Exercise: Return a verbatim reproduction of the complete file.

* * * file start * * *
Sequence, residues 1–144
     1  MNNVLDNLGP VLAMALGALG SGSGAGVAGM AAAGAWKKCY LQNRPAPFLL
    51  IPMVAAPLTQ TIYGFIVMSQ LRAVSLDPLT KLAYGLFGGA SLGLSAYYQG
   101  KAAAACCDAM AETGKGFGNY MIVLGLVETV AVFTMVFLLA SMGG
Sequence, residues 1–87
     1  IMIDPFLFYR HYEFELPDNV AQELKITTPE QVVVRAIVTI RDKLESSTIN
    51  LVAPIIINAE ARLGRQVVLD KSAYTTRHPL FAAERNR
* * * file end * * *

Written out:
Sequence, residues 1–144
     1  MNNVLDNLGP VLAMALGALG SGSGAGVAGM AAAGAWKKCY LQNRPAPFLL
    51  IPMVAAPLTQ TIYGFIVMSQ LRAVSLDPLT KLAYGLFGGA SLGLSAYYQG
   101  KAAAACCDAM AETGKGFGNY MIVLGLVETV AVFTMVFLLA SMGG
Sequence, residues 1–87
     1  IMIDPFLFYR HYEFELPDNV AQELKITTPE QVVVRAIVTI RDKLESSTIN
    51  LVAPIIINAE ARLGRQVVLD KSAYTTRHPL FAAERNR